UDC 629.039.58; 007.51
Junichi Murata – Rissho University, the Department of Philosophy, the Faculty of Letters, Professor. Tokio, Japan.
Japan 141-8602, Tokio, Shinagawa-ku,
4-2-16 Ohsaki, 2nd Building, Room 1108.
Background: There exist three conceptions of technology at least. Firstly, technology is considered to be a closed system constituted only of technological factor in the narrow sense of the term. Secondly, in technology studies a new approach called the social constructivist approach gives an opportunity to look inside technology, which is no longer considered to be a black box. Finally, the so-called actor network theory examining the socio-technical network as constituted equally both of human beings and of various other factors, such as artifacts and natural beings. Such multi-dimensional approach gives a perfect opportunity to understand the nature of modern technology and the reasons of disastrous accidents like that one which we had at Fukushima Daiichi (No. 1).
Results: There is an interactive relationship between technology and its environment. When transferred to some other social or natural environment technology begins working inevitably in some other way. A great complexity of this interdependent system (technology and its environment) naturally gives birth to such accidents which could not be predicted beforehand – thus so-called ‘normal accidents’ occurs. In the case of Fukushima probability of such accidents increases when the so-called ‘safety myth’, which is to believe in safety of nuclear power plants becomes popular. This ‘safety myth’ concerning complex technical systems had a great influence over those who built and exploited Fukushima 1 nuclear power plant.
Research implications: Social determination and imperfect prediction of complex technical systems functioning have their manifestations in different spheres of human activity. These manifestations are clearly seen in the analysis of the most large-scale accidents as those at chemical factories (Union Carbide chemical plant in Bhopal in India), accidents involving space shuttles (Challenger and Columbia), and accidents at nuclear power plants (Nuclear Powers at Three Mile Island, Chernobyl and Fukushima).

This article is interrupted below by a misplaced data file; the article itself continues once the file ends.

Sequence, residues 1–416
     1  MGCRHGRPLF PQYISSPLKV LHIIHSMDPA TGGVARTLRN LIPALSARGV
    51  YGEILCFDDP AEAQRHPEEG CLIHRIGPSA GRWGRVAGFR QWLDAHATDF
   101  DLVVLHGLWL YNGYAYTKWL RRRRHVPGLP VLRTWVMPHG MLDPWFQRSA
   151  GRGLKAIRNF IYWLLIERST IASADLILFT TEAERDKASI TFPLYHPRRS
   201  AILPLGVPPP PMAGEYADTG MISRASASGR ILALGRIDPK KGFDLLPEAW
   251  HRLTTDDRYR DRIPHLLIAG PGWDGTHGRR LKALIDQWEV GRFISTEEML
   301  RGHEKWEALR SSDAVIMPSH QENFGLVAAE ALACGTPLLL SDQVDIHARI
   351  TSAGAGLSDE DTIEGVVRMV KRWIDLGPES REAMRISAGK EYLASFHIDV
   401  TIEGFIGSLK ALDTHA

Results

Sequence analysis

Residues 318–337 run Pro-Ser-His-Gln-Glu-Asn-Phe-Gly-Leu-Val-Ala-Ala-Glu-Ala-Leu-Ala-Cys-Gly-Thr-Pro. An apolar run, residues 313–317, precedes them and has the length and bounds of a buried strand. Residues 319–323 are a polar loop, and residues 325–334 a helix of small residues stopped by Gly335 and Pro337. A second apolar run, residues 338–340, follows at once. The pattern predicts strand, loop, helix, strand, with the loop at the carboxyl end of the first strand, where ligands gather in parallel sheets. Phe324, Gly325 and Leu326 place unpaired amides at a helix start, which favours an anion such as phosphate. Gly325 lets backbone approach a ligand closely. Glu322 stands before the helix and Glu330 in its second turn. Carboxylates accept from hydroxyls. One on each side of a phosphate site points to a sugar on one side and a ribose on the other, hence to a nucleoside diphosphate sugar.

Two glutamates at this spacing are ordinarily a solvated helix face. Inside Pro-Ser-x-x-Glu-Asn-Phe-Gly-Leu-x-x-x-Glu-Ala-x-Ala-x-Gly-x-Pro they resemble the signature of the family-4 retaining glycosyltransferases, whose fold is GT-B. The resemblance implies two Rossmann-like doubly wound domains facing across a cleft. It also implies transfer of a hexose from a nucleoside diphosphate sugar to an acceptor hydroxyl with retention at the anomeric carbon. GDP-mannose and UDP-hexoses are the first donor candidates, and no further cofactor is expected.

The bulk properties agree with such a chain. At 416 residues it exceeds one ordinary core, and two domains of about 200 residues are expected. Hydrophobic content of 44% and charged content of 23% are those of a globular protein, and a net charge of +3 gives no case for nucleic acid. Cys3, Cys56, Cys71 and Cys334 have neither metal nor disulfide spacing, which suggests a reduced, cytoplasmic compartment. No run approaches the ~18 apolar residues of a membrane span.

Conclusions: Technology cannot be understood as something that can function as a closed system independent of various environmental factors. It always functions as an open system interacting with various factors, which include unknown elements. Philosophy must intervene to break the spell of the ‘safety myth’ and clarify what we can and should learn from Fukushima to reduce the probability of such catastrophes in future.
Keywords: Fukushima nuclear power plant, technology and its environment, ‘normal accident’, actor network theory, ‘safety myth’, philosophy and technology.
About two and a half years ago, at 2.46 P.M., on March 11, 2011, a massive earthquake, measured at magnitude 9.0, hit eastern Japan. It was followed by a giant tsunami, which swept away people, cars, houses, and even a whole community over a vast stretch of the east coast of the Tohoku region.
But, what made the Great East Japan Earthquake truly historic were the accidents at the Fukushima Daiichi (No. 1) Nuclear Power Plant. Japanese officials assigned afterwards to the crisis there a rating of level 7 on the International Nuclear Event Scale, the only nuclear crisis since the 1986 Chernobyl disaster to be assessed so severely.
About two and a half years have already passed since the accident. However, more than 200,000 people are still compelled to remain in an evacuation area and cannot return to their homes. Because of the high level of radioactivity, nobody can enter the area near the epicenter of the accident, and many issues concerning the causes of the accident remain unclear. Last year, four reports on the results of investigations into the causes of the accident were made public by four organizations, including the Investigation Committee of the Government and the Investigation Commission of the National Diet of Japan. However, concerning one of the most important points, that is, the question of whether the earthquake contributed to the disastrous accident before the tsunami struck, the reports arrive at different conclusions.